Five ways to fight the post-Christmas blues.December 27th, 2012 1 comment
I’m a certifiable Christmas freak.
For a solid month or more, I drink in lights, sounds, smells, tastes and traditions. If I had a thousand Decembers I would dance through them gladly; if I had a million iPods they’d all be playing O Holy Night; if I had a Trump-sized budget you’d probably be able to see my tree from space. Christmas is my jam.
If you’re like me (and on so many days you shouldn’t be), the end of Christmas Day celebrations can have you falling off an emotional ledge that rivals the fiscal cliff.
But this year has been better, because back in the beginning of the season I purposed some things in my heart that would help me with the end of it. Here are five things that have helped my post-Christmas crash become more of a gentle slide:
1. TAPER THINGS OFF.
Just because the calendar says December 26th, it doesn’t mean the fun has to end just yet. There are still decorations to be seen, friends to enjoy, and — much to the dismay of my eldest son — Christmas carols to be played. Tonight, I take my mom to see the holiday lights of Magic Kingdom’s Main Street for her first time in 20 years; this weekend, we’ll drive around and look at a few sparkling neighborhoods before they go back to sleep in the new year. Plan some little things this weekend that carry on your Christmas joy.
2. COUNT YOUR BLESSINGS.
I mean really count them. Write them down if you have to, naming everything from Sunday afternoon naps to Chinese dumplings (just two of my faves). Sometimes, I feel pressure to suck an abundance of joy out of holidays because I overlook the thousands of gracious gifts God gives me on normal days. Gratitude makes everyday feel like Christmas.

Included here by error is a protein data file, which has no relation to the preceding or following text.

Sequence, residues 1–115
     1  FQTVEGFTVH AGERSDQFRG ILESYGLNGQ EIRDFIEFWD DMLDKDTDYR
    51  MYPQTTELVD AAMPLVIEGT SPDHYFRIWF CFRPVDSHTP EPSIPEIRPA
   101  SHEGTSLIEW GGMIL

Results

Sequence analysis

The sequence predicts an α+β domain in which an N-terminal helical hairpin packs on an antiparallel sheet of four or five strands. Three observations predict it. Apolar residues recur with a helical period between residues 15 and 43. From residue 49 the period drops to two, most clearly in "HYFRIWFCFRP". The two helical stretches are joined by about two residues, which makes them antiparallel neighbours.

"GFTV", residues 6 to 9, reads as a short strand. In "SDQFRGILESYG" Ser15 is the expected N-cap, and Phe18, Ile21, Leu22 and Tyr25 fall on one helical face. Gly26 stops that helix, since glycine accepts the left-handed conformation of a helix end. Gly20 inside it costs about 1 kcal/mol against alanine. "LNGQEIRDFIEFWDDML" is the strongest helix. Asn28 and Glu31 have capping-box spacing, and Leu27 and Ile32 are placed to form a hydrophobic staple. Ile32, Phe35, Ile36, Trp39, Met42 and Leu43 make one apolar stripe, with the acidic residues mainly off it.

3. KEEP THE GIVING GOING.
A huge part of the joy of Christmas is generosity, and that never has to stop. And gifts don’t have to be expensive — in fact, they don’t really even have to be things. I started a tradition a few years back of encouraging someone every day during the month of December and writing longer notes of gratitude to a few people on Christmas night. It’s changed my experience of the season, and this year I’m taking the habit into January. You could make another list of people to surprise throughout the year, maybe a different friend each month. Or just occasionally jot a note, bake some cookies, leave a Starbucks card on someone’s windshield. Make someone’s morning a Christmas morning the whole year through, and your Christmas spirit will last, too.
4. LOOK AHEAD.
You know one of the biggest lessons life has taught me? I’ll keep looking back if I don’t have a reason to look forward. We’ve got a whole 2013 headed our way with new possibilities and promises. I always take an entire day at the end of each year to imagine what the next one might hold for me. I use the time to dream, pray and make goals and plans to make it happen. God wants to do something through us both in the coming year, I promise. Listen and watch for it.
5. MEDITATE ON HEAVEN.
I don’t know what you imagine eternity to be like, but my Bible mentions a lot of gold, lights, crystal, joy, songs and feasting, and that sounds a lot like the holidays to me. Use your post-Christmas blues to point you to eternity. Remind your heart that no day will ever satisfy like That Day — and That Day will never end. For heaven is our destiny and our reward, an evergreen celebration of new life and new birth — one endless, timeless, joyous Christmastime with no after to be had.
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Hello, my name is Kelly. I am Learner. Writer. Designer. Irrational Orlando Magic fan. Mother to Clayton, Connor, and Katy Claire; grateful wife to the pastor of Grace.
Currently, I'm blogging through the book of Colossians. You can join at the latest post or start at the beginning here.
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